France's interior minister says a gunman "sowed terror" in three parts of eastern city Strasbourg with a shooting spree that killed three people and left six others with serious injuries.
Earlier, police union officials had said four people were killed. Officials did not explain the reason for the conflicting death tolls.
Interior Minister Christophe Castaner said early on Wednesday that 350 security officers and two helicopters are involved in the search for the assailant after the Tuesday night attack.
The motive was not immediately clear, but with France still on high alert after a wave of attacks commissioned or inspired by ISIS militants since early 2015, the counter-terrorism prosecutor opened an investigation.
Mr Castaner said the gunman was known to security services, named in some quarters as Cherif Chekatt, and the local prefecture said he had previously been identified as a danger to security.
Stephane Morisse from the FGP Police union told the Associated Press that authorities went to the alleged assailant’s residence earlier on Tuesday to arrest him, but the 29-year-old, suspected of ties to radicalism, wasn’t there. Mr Morisse said police found explosive materials at the home.
Mr Morisse said that after the evening shooting, soldiers guarding the Christmas market shot and wounded the suspect before he escaped.
People in the city’s Neudorf area and Etoile Park were told to stay where they were, as officers hunted the shooter on the ground and from the air.
Residents of central Strasbourg describe hearing a series of gunshots and screaming in the street during the attack.
“There were gunshots and people running everywhere,” one local shopkeeper told BFM TV. “It lasted about 10 minutes.”
Resident Yoann Bazard said he heard "two or three shots" and the screams, before he went to a window and saw people running on Tuesday night.
The 27-year-old said: “After that I closed the shutters. Then I heard more shots, closer this time.
“There were two or three episodes like that. As it got close, it was really shocking. There were a lot of screams.”
Freelance journalist Camille Belsoeur said he was at a friend’s apartment on the same street and at first mistook the gunfire for firecrackers.
“We opened the window. I saw a soldier firing shots, about 12 to 15 shots,” he said.
He says other soldiers yelled for people to stay indoors and shouted “Go home, go home” to those outside.
“I heard shooting and then there was pandemonium,” one witness, who gave his name as Fatih, told Agence France Presse. “People were running everywhere.”
He said he had seen three people injured on the ground a few metres from the giant Christmas tree in the centre of the city.
Shortly after the shooting, lines of police vehicles and ambulances streamed into the market area, under festive lights declaring the city the “capital of Christmas”.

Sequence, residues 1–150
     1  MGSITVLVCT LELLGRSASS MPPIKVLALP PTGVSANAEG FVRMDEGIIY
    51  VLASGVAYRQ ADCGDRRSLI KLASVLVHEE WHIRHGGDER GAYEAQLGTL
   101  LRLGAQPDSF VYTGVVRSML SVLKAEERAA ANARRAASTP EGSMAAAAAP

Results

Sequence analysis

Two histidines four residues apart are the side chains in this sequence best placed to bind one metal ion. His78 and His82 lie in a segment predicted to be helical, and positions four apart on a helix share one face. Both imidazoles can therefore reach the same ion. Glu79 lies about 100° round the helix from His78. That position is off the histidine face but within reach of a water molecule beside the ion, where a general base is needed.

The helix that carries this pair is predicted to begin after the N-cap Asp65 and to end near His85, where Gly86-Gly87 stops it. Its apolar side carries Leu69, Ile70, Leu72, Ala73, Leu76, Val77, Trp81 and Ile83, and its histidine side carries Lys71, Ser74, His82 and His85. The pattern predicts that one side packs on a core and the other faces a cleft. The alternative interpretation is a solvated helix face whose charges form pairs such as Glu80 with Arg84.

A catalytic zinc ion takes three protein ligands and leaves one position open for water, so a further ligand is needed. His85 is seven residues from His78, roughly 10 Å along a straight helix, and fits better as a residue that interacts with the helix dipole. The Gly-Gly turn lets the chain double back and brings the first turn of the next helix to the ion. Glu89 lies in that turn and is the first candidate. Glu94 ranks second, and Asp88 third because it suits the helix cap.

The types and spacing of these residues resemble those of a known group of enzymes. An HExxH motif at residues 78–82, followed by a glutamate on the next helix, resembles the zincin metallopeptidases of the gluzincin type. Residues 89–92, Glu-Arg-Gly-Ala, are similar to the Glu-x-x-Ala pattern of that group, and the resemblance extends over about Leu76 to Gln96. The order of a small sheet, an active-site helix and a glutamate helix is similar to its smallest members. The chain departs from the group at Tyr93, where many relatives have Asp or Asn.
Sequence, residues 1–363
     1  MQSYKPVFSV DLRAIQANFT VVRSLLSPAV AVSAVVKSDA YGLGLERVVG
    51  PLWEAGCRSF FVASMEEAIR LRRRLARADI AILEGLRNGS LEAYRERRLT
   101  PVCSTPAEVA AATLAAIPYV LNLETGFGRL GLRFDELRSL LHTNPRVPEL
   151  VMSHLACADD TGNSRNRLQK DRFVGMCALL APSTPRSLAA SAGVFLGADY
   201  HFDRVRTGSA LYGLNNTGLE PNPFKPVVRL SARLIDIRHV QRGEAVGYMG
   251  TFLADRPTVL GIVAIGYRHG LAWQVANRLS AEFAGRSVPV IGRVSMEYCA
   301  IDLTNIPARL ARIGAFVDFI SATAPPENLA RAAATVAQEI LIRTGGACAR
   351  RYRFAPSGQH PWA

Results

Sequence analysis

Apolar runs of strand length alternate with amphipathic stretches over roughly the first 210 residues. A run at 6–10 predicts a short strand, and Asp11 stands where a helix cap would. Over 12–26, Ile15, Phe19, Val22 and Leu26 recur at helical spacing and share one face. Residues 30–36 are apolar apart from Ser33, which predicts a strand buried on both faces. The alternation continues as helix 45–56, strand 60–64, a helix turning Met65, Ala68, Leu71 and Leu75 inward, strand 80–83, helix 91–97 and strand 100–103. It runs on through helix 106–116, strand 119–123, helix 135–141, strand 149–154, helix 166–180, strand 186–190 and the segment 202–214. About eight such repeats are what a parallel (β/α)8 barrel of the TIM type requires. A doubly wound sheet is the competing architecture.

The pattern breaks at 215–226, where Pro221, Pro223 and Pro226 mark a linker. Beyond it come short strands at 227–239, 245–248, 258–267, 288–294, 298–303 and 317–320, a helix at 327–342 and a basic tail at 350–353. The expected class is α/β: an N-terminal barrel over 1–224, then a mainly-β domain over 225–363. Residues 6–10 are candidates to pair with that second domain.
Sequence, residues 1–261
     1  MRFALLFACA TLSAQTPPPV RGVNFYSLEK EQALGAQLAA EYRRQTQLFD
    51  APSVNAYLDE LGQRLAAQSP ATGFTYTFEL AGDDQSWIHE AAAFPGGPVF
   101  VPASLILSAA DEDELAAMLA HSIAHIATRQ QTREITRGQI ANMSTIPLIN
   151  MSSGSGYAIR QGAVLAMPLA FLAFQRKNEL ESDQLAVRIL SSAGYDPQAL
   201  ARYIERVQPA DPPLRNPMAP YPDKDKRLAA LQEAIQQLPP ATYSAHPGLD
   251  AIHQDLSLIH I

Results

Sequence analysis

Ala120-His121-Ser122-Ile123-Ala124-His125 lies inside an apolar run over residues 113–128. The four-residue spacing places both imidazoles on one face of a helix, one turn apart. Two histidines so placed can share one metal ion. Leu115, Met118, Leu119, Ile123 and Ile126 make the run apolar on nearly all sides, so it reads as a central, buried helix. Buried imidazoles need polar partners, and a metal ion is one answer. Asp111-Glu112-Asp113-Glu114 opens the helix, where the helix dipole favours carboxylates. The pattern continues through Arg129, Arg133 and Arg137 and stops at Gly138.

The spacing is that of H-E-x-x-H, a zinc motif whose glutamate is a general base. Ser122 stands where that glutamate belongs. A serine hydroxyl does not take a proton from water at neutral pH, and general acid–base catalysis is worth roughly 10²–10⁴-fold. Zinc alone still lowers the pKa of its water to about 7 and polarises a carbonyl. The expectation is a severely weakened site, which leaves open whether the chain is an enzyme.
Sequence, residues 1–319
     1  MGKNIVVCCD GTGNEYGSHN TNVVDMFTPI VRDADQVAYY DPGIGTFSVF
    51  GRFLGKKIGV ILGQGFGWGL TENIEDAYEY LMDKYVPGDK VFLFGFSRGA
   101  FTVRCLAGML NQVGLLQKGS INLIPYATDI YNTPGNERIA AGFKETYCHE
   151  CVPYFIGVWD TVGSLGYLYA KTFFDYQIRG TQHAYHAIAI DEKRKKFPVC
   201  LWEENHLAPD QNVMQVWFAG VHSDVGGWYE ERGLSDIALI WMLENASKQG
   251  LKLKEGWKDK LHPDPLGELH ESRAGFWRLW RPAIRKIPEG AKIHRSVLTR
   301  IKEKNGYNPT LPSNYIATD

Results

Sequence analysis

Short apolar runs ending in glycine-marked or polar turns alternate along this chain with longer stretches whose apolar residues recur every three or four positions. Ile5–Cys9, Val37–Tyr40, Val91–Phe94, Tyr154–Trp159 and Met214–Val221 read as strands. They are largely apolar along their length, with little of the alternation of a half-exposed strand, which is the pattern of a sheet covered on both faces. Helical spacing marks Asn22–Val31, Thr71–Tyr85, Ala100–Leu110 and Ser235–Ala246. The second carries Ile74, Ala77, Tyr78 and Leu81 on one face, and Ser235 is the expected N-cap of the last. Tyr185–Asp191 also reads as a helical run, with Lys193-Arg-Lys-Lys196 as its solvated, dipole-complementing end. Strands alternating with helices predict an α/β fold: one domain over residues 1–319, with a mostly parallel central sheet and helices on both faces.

“We heard several shots, three perhaps, and we saw people running,” one witness told AFP afterwards, asking not to be named.
“One of them fell down, I don’t know whether it was because she was tripped up or if she was hit,” the witness said.
The European Parliament, which is sitting in Strasbourg this week, was put in to lockdown. Its president says that legislative sessions will continue for the rest of the week.
Antonio Tajani said that the legislature “will not be intimidated by terrorist or criminal attacks. Let us move on.”
Several MEPs were close to the market when the shooting started and holed up in hotels, restaurants or the legislature itself while police were looking for the suspect.
The Christmas market was being held amid tight security this year, with unauthorised vehicles excluded from surrounding streets during opening hours and checkpoints set up on bridges and access points to search pedestrians’ bags.
A source at the prosecutor’s office said the motive for the shooting was not immediately clear.
A Reuters reporter was among 30 to 40 people being held in the basement of a supermarket for their own safety in central Strasbourg, waiting for police to clear the area. Lights were switched off and bottles of water handed out.
French President Emmanuel Macron was informed of the shooting and was being updated as events unfurled, an Elysee Palace official said. Castaner was on his way to Strasbourg, which lies on the border with Germany.
Mr Macron then arrived for a crisis meeting with cabinet officials in Paris shortly after midnight.
"My thoughts are with the victims of the Strasbourg shooting, which I condemn with the utmost firmness," tweeted Jean-Claude Juncker, head of the European Commission. "Strasbourg is an excellent symbol of peace and European democracy. Values that we will always defend."
European security agencies have feared for some time that Islamist militants who left Europe to fight for Islamic State in Syria and Iraq would return after the jihadist group’s defeat, with the skills and motivation to carry out attacks at home.
In 2016, a lorry ploughed into a Bastille Day crowd in Nice, killing more than 80 people, while in November 2015, co-ordinated Islamist militant attacks on the Bataclan concert hall and other sites in Paris claimed about 130 lives. There have also been attacks in Paris on a policeman on the Champs-Elysees avenue, the satirical weekly Charlie Hebdo and a kosher store.
Almost exactly two years ago, a Tunisian Islamist rammed a hijacked lorry into a Christmas market in central Berlin, killing 11 people as well as the driver.